This recent study conducted by AAFP and funded by Humana captures a key concern family physicians have with value-based payment models. 62% of physicians say there is a “lack of evidence that using performance measures result in better patient care” and 58% say “VBP will increase work for physicians without a benefit to the patient”. In a FierceHealthcare article titled “Humana study: Physicians warm to value-based pay models, but skepticism runs deep,” Dr. Amy Mullins, medical director of quality improvement for AAFP, states that “If you didn’t already know, physicians are a skeptical bunch… we are slow adopters for lots of things.” I would argue it has as much to do with experience as skepticism.

Take these recent findings released in the past few weeks for example. Pay for performance (P4P) programs may have inadvertently exacerbated healthcare disparities and shifted money away from physicians who treated sicker, poorer patients to pay for bonuses according to this Healthcare Finance News article. Hospital readmission reduction programs (HRRP) may be linked to higher mortality rates for heart failure patients as reported in this Modern Healthcare article. Over time, more studies will come out like this. This is not to say that P4P or HRRPs are necessarily bad – there are peer-reviewed academic articles arguing for the benefits of these programs as well. What is clear though is that we are entering a steep learning curve as we deploy first generation value based care programs into the market. It is similar to how we learn in medicine – it will take a body of evidence over a period of time to form a solid understanding of value based care. And it will take evolving value based care programs as we learn over time.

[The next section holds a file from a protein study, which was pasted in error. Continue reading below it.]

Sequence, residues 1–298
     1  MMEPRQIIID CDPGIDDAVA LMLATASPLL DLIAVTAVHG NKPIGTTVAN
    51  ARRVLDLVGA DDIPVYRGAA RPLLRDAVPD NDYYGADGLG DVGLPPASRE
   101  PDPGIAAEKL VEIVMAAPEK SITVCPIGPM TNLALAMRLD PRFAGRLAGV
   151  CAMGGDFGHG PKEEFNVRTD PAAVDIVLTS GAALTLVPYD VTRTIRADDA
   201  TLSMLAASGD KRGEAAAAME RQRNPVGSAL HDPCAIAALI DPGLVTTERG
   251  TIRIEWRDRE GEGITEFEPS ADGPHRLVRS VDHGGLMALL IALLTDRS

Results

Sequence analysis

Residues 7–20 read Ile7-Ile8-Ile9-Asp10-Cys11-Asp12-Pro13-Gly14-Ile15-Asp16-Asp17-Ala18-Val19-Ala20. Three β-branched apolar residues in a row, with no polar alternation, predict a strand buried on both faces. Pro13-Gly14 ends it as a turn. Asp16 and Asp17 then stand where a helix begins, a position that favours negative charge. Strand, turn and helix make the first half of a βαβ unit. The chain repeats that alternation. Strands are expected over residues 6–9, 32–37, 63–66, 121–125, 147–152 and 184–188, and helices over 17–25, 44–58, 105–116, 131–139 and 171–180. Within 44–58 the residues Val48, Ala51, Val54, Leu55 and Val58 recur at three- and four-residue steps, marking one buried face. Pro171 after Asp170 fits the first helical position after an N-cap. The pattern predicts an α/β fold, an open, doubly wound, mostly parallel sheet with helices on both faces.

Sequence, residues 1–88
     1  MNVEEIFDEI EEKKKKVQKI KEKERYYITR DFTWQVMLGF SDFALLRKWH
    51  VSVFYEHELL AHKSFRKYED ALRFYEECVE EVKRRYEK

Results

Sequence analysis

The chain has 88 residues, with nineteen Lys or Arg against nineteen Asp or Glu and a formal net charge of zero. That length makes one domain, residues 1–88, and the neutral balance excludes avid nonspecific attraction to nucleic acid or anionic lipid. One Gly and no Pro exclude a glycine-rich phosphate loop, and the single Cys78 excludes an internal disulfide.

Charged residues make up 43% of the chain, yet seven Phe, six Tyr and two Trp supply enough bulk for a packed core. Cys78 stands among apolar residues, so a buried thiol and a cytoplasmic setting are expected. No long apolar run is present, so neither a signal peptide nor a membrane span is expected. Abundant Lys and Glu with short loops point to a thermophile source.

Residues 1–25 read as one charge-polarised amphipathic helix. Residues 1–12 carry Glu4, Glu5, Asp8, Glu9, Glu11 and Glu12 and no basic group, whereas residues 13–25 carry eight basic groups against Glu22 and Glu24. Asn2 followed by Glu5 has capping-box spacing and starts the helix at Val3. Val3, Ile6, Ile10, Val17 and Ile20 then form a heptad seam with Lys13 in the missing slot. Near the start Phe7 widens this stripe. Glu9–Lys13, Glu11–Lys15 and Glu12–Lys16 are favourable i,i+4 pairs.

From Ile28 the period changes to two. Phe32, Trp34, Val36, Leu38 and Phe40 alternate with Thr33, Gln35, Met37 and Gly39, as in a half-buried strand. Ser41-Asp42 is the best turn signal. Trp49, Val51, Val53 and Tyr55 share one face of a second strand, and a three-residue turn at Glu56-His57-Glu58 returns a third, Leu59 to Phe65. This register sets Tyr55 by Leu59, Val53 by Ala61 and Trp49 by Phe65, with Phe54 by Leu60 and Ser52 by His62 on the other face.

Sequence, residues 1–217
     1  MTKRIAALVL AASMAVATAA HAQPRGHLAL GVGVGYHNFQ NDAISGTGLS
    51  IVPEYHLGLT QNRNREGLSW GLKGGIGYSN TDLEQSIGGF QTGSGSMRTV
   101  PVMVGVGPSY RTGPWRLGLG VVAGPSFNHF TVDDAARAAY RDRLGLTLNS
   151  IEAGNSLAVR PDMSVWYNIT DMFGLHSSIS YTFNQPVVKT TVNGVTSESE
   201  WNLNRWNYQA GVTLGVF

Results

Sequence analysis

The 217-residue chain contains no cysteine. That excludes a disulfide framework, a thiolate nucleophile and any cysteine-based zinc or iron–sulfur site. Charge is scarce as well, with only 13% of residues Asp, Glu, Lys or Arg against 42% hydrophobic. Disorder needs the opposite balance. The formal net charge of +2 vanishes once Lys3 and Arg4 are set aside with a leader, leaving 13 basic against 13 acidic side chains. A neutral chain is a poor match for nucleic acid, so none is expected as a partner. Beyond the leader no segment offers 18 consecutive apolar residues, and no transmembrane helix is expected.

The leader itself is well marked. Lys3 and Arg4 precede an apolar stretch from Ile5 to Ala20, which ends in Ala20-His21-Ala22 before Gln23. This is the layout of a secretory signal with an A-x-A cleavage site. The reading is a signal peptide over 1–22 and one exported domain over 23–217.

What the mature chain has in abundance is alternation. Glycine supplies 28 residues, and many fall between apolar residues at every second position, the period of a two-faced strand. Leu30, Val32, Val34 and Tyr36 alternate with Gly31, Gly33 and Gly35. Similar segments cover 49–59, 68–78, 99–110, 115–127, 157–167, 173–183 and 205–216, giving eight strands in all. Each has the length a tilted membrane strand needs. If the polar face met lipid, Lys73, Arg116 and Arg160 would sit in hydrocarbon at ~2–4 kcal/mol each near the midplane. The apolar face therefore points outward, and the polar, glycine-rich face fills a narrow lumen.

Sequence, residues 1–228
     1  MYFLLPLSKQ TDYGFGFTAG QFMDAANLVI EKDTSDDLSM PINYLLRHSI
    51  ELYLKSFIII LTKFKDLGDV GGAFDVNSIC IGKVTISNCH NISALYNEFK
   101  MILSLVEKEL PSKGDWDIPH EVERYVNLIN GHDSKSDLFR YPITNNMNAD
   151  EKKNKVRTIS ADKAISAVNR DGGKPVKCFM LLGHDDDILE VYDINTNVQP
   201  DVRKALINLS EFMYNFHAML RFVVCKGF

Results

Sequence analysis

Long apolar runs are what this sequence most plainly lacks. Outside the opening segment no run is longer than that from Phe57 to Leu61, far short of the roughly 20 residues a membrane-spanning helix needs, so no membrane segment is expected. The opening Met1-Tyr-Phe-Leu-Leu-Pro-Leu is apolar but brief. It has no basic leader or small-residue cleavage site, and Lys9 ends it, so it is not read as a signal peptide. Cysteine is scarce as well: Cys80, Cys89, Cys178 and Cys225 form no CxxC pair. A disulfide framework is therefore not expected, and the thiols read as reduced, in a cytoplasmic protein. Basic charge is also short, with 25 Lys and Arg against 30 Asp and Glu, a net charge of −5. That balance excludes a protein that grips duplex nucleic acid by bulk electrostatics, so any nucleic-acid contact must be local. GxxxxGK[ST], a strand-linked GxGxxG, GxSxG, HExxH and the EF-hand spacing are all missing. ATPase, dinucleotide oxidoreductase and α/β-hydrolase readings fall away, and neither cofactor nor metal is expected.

So experience tells us we do not yet know what works and what needs to be tweaked. Yet we are asking physicians to take on the burden of implementing first generation solutions, at great cost to their practices.

What are your thoughts, comments, insights?